Mesker’s selection of Mizner was probably unavoidable given the locationthe architect had somewhat of a monopoly in Palm Beach (Fatio didn’t arrive until 1925). It is nonetheless interesting given that the architect also operated a separate business called Mizner Industries, which manufactured Spanish tile roofs and instant antiques needed to furnish his huge Mediterranean Revival style mansions. Just as Mesker’s commercial storefront products were intended to provide architectural pretense and perception of substantial and expensive masonry construction, so did Mizner imbue fake antiquity and Old World charm into his houses, though at significantly higher expense than his client’s “cheap” storefronts. Mizner Industries was located in West Palm Beach, across Lake Worth from Palm Beach, where Mesker once garnered a significant client. Joseph Jefferson (1829–1905), one of the best known American actors of the 19th century who played Bob Acres and Rip Van Winkle, purchased four storefronts from George L. Mesker & Company for his buildings in West Palm Beach, which he helped to develop as a service town to the wealthy Palm Beach, founded in turn by American industrialist and Jefferson’s friend, Henry Flagler (1830–1913). Economically, a handful of storefronts were insignificant among the thousands sold nationwide, but Jefferson’s purchase did provide an important marketing opportunity. Renderings of his West Palm Beach commercial blocks along with the actor’s portrait in character were prominently featured in Mesker catalogs between 1902 and 1906. Given the rapid development and transition of the area from resorts to individual ocean-front mansions, Mesker’s storefronts in West Palm Beach were likely already gone by the time La Fontana was completed.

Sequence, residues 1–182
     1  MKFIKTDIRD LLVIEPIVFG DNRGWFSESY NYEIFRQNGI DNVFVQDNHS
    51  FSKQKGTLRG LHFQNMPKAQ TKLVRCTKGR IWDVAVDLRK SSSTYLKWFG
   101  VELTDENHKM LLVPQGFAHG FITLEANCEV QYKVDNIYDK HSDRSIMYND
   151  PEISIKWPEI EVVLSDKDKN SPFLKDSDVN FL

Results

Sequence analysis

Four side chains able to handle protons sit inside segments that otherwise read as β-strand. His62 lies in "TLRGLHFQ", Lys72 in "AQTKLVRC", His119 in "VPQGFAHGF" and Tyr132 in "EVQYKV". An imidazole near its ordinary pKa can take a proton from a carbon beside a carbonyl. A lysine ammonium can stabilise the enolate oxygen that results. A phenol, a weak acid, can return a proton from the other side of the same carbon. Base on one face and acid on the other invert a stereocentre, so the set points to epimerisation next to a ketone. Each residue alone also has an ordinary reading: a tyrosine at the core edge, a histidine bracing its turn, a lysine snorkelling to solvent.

Perhaps the only real and rather unfortunate similarity shared by La Fontana and hundreds of George Mesker facades is their fate. In the 1960s, La Fontana was raised to make room for One Royal Palm Way Condominiums, designed by architect Thomas Howard Chilton (1909–1992), a prolific Modernist who upon moving to Palm Beach during the 1940s designed more than 15 distinctive apartment buildings and 700 houses during a fifty-year career. Demolition of La Fontana and other mansions, and subsequent construction of modernist apartment buildings and condominiums was not without controversy, as it intensified residents’ concern that urbanization threatened Palm Beach’s “worldwide image of refined elegance.” Perhaps in response to local preservation pressures or due to some respect for Mizner’s craft at least some Mizneresque elements of La Fontana were saved and reused in two of Chilton’s buildings. The huge marble fountain featuring multiple cherubs remained on the site of the original mansion and was placed at the entrance to One Royal Palm Way, while a series of other sculptures from the home inhabit the rooftop garden. In addition, the linen-fold paneling from La Fontana’s living room was saved and installed in the lobby of Park Place at 369 South Lake Drive. Not unlike many of Mesker’s sheet-metal panels, pieces of his retirement mansion made by Mizner Industries were also re-purposed in other buildings. I suppose that saving a piece of the original is better than not saving anything at all.

(For additional images and information about La Fontana, Addison Mizner, or anything else to do with history of Palm Beach, please contact the Historical Society of Palm Beach County.)